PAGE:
Every year in the capital twin cities of San-Er, thousands of people come to the palace to watch a set of games, where those brave and confident enough will fight to their death, winning unthinkable riches. Princess Calla Tuoleimi has been lurking in hiding since a massacre killed everyone in her palace of Er, including her parents. Turns out, she’s the one who did it. Before she gets caught, she plans to finish the job of taking down the monarchy. Her chance to greet her reclusive uncle will only present itself when he greets the victor of the games. Which only means one thing, she will have to win.

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Family Lore by Elizabeth Acevedo (8/1)

Flor has a gift: she can predict the day of anyone’s death. When she plans a living wake, her sisters Matilde, Pastora and Camila question if she has seen her own death, or someone else’s—but Flor isn’t speaking up. Pastora, inspired by Flor’s wake, is inspired to solve her siblings problems. Matilde has secrets of her own, and she soon must confront the issues in her marriage. The next generation, cousins Yadi and Ona, have problems of their own. Yadi, reuniting with her formerly imprisoned first-love and Ona, married and trying to conceive. In the days leading up the wake, we journey through Santa Domingo and New York City, exploring the history of the Marte women.

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The Connellys of County Down by Tracey Lange (8/1)

Tara Connelly knows that at thirty, rebuilding her life will not come easily, especially after serving eighteen months on a drug charge. She heads home to live with her siblings, her brother; a single dad struggling from ongoing effects of a brain injury, and her sister who has secrets that are starting to resurface. Tara works to rebuild her life, career, and even finds love unexpectedly, but the secrets that burden their family will need to be faced before they can truly be happy.

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Tom Lake by Ann Patchett (8/1)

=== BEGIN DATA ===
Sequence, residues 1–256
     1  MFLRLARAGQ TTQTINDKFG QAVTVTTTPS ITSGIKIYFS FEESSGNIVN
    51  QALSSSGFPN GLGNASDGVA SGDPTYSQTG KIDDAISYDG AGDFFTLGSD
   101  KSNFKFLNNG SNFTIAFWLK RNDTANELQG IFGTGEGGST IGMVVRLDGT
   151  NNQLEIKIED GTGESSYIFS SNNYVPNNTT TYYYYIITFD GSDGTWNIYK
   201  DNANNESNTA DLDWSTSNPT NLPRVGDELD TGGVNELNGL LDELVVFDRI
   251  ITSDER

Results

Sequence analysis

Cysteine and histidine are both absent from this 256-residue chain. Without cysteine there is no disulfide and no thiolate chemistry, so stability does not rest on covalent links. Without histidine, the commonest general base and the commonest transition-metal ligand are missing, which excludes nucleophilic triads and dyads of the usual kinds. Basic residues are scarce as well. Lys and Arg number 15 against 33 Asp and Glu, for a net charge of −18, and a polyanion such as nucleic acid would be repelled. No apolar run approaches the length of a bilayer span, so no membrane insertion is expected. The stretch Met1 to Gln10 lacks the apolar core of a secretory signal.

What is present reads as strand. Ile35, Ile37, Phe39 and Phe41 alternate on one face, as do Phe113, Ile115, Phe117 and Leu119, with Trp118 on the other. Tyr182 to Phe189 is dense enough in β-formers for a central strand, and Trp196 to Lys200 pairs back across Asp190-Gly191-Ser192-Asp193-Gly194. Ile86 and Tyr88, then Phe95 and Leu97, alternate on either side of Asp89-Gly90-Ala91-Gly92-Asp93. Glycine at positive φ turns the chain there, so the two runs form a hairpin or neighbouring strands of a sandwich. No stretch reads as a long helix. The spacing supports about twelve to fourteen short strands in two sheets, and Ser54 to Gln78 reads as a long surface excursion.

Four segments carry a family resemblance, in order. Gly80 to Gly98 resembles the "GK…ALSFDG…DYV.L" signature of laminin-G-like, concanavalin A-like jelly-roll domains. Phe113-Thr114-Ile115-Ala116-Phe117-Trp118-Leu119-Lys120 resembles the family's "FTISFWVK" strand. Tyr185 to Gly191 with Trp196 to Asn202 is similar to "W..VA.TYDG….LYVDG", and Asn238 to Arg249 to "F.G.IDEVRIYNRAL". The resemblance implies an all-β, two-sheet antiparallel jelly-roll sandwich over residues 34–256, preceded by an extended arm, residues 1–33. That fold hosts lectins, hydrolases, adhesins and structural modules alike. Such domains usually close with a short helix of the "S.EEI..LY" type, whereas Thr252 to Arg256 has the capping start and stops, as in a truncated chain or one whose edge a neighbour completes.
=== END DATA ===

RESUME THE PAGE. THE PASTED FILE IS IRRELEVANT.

When Lara’s three daughters return to Northern Michigan to visit their mother at the family orchard, they beg their mother to tell them the story of famous actor, Peter Duke. Lara begins to recall her time with Duke at a place called Tome Lake, where they shared both a stage and a romance many years prior. As Lara tells the story, the daughters see her in a new light, and begin to consider their own lives and relationships.

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Here are the best books for fans of Ann Patchett>>

Congratulations, the Best Is Over! by R. Eric Thomas (8/8)

A collection of insightful and hilarious essays that are a gentle reminder that life doesn’t always go according to plan, and that doesn’t mean we can’t find the way back home. When Eric Thomas goes viral after reading political news, he is ready to live his best-ish life, whatever that looks like. He finds himself doing things out of character, like moving to his hometown and going to his high school reunion, as he figures out his intersecting identities and wrestles with his past life in the midst of creating a new one.

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The Invisible Hour by Alice Hoffman (8/15)

The power of words saves Mia Jacob when she finds The Scarlett Letter and suddenly her life is reflected back to her. The author manages to capture her experience at the Community, the oppressive cult in Massachusetts. As she reads, she is transported into a different world and finds the fluidity of time, and the strength of love.